Are Agencies Staffed By Dumbasses, Or Worse?

I typically stay away from content written by anonymous contributors, but Brian Morrissey at Digiday is prompting “Confessions” from people in the industry, and the one I just read from a technology vendor seems to have merit.

Agencies talk about being makers. Shouldn’t they have this technology in-house?

They can’t do it. It’s the jack-of-all-trades-master-of-none thing. Digital marketing is fragmented across mobile and the Web and so on. They can’t be experts in every area. But agencies, especially traditional ones, don’t want to lose business, so they try to portray themselves as experts in all areas. It’s not feasible. Agencies will come to us with ideas that can’t even be done. It shows that the more transparent agencies are, the better it will be for them, the tech vendors and clients.

The contributor also mentions that agency personnel often lack the common courtesy to keep partners informed; that agencies fail to give proper credit; they haggle over scope of work after the fact; and are totally consumed by their desire to serve their client’s whims, instead of “making things” that would actually help said clients grow their business.

Yes, the business is totally messed up (I find that agencies tend to mirror the business practices of their clients). It’s also a hundred other things, because there’s a diversity of operators, some noble and some rotten to the core. But the one thing that stands out for me above is how people in the ad business are scared. Scared to say they don’t know. Scared of losing accounts and their job. Sacred to say NO.

It’s sad, all this fear. And toxic. I say piss on it. If you can’t have a frank discussion with your client, vendor or with your coworkers, then you’re in a sorry state. I’m not suggesting you become a jerk off, I’m suggesting that you meet issues head on. It’s time to find our voices and raise them. It’s that or another shit sandwich, hold the mustard.

About David Burn

Co-founder and editor of AdPulp. I wrote my first ad for a political candidate when I was 17 years old. She won her race and I felt the seductive power of advertising for the first time. I worked for seven agencies in five states before launching my own practice in 2009. Today, I am head of brand strategy and creative at Bonehook in Portland, Oregon.


  1. Digitalent says:

    Here’s my take on this anonymous rant: The only people more
    clueless about the workings of an ad agency than the trade press – and blogs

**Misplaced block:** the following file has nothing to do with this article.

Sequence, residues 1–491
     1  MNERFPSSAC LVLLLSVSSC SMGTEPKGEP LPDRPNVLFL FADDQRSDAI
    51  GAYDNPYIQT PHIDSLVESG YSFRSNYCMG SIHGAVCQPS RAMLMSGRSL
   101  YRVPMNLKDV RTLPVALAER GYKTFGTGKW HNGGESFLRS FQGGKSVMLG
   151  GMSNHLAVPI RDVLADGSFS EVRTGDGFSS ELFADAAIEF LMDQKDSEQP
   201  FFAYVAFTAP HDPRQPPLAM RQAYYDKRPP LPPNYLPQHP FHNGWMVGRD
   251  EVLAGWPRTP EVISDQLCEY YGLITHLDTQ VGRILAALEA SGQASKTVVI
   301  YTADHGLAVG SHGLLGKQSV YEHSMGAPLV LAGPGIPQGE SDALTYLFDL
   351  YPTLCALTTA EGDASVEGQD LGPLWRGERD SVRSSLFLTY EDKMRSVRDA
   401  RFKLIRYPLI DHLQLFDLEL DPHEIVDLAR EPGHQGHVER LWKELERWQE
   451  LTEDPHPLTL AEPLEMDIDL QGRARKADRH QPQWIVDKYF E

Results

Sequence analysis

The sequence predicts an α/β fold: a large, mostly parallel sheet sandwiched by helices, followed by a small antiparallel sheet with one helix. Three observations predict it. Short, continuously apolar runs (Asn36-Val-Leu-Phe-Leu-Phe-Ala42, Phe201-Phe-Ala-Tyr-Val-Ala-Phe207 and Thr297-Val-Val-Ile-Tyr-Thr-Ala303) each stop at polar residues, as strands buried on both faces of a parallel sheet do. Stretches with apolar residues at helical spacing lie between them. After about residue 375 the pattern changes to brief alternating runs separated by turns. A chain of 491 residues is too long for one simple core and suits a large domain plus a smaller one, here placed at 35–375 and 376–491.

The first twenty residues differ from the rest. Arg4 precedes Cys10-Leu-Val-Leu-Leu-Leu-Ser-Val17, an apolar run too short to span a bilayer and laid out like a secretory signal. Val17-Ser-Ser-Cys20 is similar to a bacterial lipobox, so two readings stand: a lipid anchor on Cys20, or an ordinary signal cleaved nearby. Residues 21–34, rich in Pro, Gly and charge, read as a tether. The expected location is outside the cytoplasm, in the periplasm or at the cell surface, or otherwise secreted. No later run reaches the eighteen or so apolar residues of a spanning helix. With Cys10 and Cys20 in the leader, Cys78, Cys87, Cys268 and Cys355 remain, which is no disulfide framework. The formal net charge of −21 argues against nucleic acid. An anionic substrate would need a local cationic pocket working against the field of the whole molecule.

like Digiday acting like the trade press – are the digital vendors seeking to
    service ad agencies. Morrissey always has been peculiar, in that he admits to
    not understanding agencies, but is quick to criticize them and/or let anonymous
    sources criticize them. Agencies outsource digital work? Omigod! What a scoop!
    Agencies outsource print to photographers, illustrators and retouchers. They
    outsource radio to music houses and even radio production vendors. They
    outsource TV spot to directors, production houses, editors, etc. Of course they
    outsource digital. That’s the business model of an agency. Always has been.
    Even the major digital agencies outsource production. Agencies don’t keep
    partners informed? Um, have you ever worked at a digital shop and found things
    to be equally bad – and usually much, much worse? Ad agencies are scared to say
    no? Um, these rants are anonymous because digital vendors will work with anyone
    and take it up the ass without flinching. They’ll bitch about the ad agency all
    morning, but if they get an agency call at noon, they’ll be in the agency’s
    lobby by 12:15. Fear is not exclusive to ad agencies. These digital vendors
    claim the agencies are so useless, yet they aren’t able to woo the work away
    from the agencies because, well, the digital vendors are incapable of
    conceptual thinking.

  2. Digitallent I agree, who ever the anonymous rant is from someone who doesnt understand the whole idea behind agency, or contracting at all. In the end the worlds business needs the expertise of both online experts and traditional ad and marketing agencies.